Google has finally issued a fix when messaging between Google Messages on Android and Apple's iMessage that subverts annoying repeat reaction texts. Beta users testing out the fix will no longer feature a repeat text that may read, "Loved: 'let's meet up for lunch'" — instead, Android users will see the appropriate emoji alongside the message.
This fix was first noticed by 9to5Google (opens in new tab). iMessage reactions, known as Tapbacks, will appear as tiny emojis in Google Messages. Beta users will have it enabled by default, but the feature can be toggled in Advanced settings under enable "Show iPhone reactions as emoji." We've attached a screenshot from 9to5Google below.
iMessage is a web-based end-to-end encrypted messaging service that's exclusive to Apple devices. As such, Apple users can engage with one another in richer ways, adding Tapbacks, which are like little reactions to a specific message. For example, iMessage users can "heart" a message they like, or "thumbs down" a message they don't.
Apple users can also send larger video files and other pieces of internet content with greater ease.
But since iMessages are on their own network that's separate of standard over-the-air text messages, these Tapbacks don't translate well to Android users using the default texting app on their phones. YouTuber Marques Brownlee has an excellent video explaining the whole blue bubble vs. green bubble debate (opens in new tab). (iMessages appear as blue bubbles on iPhones, whereas standard texts from non-iPhones appear as green).
Google has defaulted reactions to what's used on RCS, or Rich Communication Service. It's an updated form of the MMS texting standard, or Multimedia Messaging Service. RCS adds many of the modern internet-based messaging features found on iMessage and WhatsApp, but to standard over-the-air texting services. While Google has been willing to adopt the new standard, Apple has been less so (opens in new tab). Based on last year's Apple vs. Epic Games trial, it became clear from internal documents that Apple had considered bringing iMessage to Android, but held back as it would have been seen as an impediment on iPhone-owning parents from buying iPhones for their kids.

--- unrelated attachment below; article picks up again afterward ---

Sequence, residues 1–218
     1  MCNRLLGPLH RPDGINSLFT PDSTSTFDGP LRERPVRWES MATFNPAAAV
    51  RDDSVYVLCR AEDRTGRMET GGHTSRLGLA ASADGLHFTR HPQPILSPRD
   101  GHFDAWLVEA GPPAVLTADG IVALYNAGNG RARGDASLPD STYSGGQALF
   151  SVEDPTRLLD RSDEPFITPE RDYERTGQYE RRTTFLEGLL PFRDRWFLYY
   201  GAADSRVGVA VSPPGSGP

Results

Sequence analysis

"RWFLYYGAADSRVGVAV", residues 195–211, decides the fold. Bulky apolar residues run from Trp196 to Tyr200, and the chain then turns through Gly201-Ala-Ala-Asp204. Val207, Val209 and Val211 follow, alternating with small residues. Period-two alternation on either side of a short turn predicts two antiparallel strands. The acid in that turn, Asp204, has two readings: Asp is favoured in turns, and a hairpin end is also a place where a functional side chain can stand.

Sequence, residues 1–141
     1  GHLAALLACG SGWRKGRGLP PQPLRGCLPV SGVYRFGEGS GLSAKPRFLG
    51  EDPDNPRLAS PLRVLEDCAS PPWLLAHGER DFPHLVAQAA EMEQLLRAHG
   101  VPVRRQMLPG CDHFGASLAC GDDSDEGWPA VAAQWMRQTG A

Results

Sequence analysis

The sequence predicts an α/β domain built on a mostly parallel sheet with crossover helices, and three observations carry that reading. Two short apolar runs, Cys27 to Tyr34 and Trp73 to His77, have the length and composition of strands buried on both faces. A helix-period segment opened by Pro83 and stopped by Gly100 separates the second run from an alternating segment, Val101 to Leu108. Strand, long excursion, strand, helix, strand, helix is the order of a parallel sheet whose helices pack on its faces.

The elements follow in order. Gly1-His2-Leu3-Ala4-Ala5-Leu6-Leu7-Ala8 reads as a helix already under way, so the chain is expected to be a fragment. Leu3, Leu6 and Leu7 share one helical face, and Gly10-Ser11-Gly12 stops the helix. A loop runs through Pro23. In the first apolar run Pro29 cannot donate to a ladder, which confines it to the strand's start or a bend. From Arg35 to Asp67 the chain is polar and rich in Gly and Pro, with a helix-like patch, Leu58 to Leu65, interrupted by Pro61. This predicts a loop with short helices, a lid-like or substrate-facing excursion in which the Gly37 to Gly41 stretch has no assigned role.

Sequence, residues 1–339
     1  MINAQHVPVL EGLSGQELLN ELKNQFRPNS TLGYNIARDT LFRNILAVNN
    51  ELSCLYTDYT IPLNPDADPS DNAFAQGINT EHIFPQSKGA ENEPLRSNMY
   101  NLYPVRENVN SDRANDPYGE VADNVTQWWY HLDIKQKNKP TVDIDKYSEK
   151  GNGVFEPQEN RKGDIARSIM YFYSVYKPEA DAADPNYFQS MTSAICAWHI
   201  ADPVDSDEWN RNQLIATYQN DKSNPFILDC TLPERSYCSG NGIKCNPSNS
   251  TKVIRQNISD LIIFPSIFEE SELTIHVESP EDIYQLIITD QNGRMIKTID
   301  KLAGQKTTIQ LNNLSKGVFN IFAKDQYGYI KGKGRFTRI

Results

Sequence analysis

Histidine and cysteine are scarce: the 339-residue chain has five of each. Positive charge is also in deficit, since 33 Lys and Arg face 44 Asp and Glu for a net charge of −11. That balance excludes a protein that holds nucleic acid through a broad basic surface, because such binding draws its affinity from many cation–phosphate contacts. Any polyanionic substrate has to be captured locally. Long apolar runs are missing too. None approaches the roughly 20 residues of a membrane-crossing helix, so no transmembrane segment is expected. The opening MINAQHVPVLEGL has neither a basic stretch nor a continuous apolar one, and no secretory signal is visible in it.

Essentially, Apple would prefer to keep Apple users in one little exclusive bubble based on the evidence from that trial.
Still, the issue involving iMessage is largely seen as a problem for the American market, as many international markets default to Meta-owned WhatsApp and Facebook Messenger. Since these apps are available for both Android and iPhone users, there are no exclusively colored messaging bubbles.
Either way, the RCS reactions Google is using between iMessage users don't translate one-to-one. For example, a heart from iMessage translates to a smiling emoji with heart eyes. A question mark becomes the thinking face emoji.
That's not the only design change seemingly coming to Google Messages. According to 9to5Google, Google Messages may reintroduce the hamburger menu, potentially forgoing its new design language.
As mentioned above, this feature is currently rolling out for beta users. Per 9to5Google, it's currently working on Pixel 6 devices. It's not clear when Google will issue the update for everyone else.